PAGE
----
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            Associations of Leisure-Time Internet and Computer Use With Overweight and Obesity, Physical Activity and Sedentary Behaviors: Cross-Sectional Study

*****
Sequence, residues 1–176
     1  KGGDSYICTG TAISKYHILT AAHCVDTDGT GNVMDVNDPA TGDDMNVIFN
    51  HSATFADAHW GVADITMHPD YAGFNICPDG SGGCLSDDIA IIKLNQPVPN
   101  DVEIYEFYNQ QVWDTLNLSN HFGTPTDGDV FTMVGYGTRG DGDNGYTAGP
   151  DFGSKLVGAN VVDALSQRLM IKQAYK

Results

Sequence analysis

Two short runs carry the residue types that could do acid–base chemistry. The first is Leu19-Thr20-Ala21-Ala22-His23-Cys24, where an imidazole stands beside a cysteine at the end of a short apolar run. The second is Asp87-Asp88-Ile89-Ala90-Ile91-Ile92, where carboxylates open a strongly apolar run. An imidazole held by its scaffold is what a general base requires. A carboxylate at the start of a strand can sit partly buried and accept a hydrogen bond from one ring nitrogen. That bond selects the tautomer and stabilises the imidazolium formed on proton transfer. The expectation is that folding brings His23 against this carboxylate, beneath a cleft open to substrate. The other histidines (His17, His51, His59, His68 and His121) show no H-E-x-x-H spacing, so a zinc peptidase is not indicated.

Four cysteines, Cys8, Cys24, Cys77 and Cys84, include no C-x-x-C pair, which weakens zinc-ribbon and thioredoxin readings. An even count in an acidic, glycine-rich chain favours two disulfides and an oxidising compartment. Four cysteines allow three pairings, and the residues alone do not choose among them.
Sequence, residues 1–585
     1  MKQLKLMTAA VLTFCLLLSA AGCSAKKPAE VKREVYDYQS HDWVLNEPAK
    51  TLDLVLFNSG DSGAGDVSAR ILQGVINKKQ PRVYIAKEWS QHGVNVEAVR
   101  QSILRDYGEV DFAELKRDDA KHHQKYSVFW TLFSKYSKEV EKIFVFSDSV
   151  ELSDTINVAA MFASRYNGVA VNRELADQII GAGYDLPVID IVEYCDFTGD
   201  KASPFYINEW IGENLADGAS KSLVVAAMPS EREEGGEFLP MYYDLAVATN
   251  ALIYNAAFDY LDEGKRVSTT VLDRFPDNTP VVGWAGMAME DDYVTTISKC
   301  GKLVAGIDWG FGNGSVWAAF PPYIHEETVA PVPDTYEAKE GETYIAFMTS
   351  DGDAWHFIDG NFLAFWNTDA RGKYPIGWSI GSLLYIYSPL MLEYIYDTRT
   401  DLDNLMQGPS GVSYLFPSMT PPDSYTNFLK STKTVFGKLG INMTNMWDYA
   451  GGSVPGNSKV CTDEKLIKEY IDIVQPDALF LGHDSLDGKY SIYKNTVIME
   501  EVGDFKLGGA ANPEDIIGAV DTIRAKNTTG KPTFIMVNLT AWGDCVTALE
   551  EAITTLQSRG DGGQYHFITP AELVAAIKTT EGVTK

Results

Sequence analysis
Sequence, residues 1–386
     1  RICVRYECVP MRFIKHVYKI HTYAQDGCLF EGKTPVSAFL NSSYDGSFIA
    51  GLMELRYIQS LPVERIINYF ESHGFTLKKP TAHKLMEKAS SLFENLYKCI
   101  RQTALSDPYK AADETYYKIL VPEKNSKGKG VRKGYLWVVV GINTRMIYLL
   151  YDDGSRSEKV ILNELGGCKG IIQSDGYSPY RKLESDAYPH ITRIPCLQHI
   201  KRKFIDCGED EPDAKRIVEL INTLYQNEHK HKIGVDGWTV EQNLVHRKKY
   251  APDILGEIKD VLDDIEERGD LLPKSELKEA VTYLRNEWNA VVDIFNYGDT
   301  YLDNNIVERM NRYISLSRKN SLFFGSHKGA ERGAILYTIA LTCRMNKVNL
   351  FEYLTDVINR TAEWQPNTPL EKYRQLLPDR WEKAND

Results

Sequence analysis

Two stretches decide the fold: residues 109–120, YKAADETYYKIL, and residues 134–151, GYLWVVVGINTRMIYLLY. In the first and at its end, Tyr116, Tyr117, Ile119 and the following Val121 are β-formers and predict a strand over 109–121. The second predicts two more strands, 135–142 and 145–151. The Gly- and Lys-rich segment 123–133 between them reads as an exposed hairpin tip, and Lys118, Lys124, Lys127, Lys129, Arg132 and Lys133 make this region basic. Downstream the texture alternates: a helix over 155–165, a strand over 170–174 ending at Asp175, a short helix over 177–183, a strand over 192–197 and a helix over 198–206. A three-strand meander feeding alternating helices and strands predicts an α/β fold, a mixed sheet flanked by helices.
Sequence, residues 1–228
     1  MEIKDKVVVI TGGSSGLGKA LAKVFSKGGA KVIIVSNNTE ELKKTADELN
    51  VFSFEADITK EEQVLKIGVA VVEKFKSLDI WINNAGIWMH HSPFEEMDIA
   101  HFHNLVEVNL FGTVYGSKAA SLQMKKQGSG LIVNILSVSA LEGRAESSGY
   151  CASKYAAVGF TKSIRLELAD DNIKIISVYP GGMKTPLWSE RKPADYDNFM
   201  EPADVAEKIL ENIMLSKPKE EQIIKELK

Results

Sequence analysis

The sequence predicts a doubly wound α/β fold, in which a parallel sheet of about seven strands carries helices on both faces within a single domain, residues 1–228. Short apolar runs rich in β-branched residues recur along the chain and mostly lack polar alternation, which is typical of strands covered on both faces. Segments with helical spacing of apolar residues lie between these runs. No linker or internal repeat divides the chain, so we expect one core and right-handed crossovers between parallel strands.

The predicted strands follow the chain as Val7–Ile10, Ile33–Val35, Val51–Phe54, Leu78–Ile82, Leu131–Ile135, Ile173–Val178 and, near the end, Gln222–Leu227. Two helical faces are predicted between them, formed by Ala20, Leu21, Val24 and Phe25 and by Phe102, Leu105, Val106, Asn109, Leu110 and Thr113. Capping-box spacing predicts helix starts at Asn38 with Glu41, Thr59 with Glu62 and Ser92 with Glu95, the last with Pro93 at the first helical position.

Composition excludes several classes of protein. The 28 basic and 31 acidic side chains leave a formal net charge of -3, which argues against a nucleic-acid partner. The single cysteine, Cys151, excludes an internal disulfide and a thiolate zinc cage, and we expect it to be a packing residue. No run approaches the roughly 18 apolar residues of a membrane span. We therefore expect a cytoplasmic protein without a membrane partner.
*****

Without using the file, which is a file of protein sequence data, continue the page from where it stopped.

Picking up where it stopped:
Background Internet and computer use are increasingly common leisure-time sedentary behaviors, which have the potential to impact negatively on health outcomes. However, little is known about the extent to which adults’ Internet and computer use is associated with weight status and time spent in leisure-time physical activity. Objective The objective is to examine associations of leisure-time Internet and computer use with overweight and obesity, leisure-time physical activity, and other sedentary behaviors. Methods Participants (2650 adults living in Adelaide, Australia) completed a mail-back questionnaire including items on their height and weight, past seven day recall of leisure-time physical activity, Internet and computer use, and other leisure-time sedentary behaviors. Leisure-time Internet and computer use was categorized into no use, low use (less than three hours per week), or high use (three hours or more per week). Results Participants with low leisure-time Internet and computer use had the highest levels of educational attainment and employment, and engaged in less other sedentary behaviors when compared to participants with no or high Internet and computer use. Multinomial logistic regression, adjusted for gender, age, employment, education, other sedentary behaviors and physical activity, determined that participants with a high leisure-time Internet and computer use were 1.46 (95% CI = 1.10 - 1.93) times more likely to be overweight (BMI≥25 and < 30 kg/m2) and 2.52 times more likely (95% CI = 1.82 - 3.52) to be obese (BMI≥30 kg/m2), compared to those who reported no Internet and computer use in their leisure-time. Adults with high leisure-time Internet and computer use were more likely to be overweight or obese even if they were highly active in their leisure time (OR = 1.86; 95% CI = 1.21 - 2.88), as compared to participants who did not use the Internet or computer. Leisure-time physical activity levels were largely independent of Internet and computer use. Conclusion These findings suggest that, apart from nutritional and physical activity interventions, it may also be necessary to decrease time spent in sedentary behaviors, such as leisure-time Internet and computer use, in order to reduce the prevalence of overweight and obesity. Future Internet interventions to reduce weight or increase physical activity may need to differentiate between participants with different levels of Internet use in order to increase their effectiveness. Longitudinal studies are required to examine further the potential causal relationships between the development of overweight and specific sedentary behaviors such as Internet and computer use.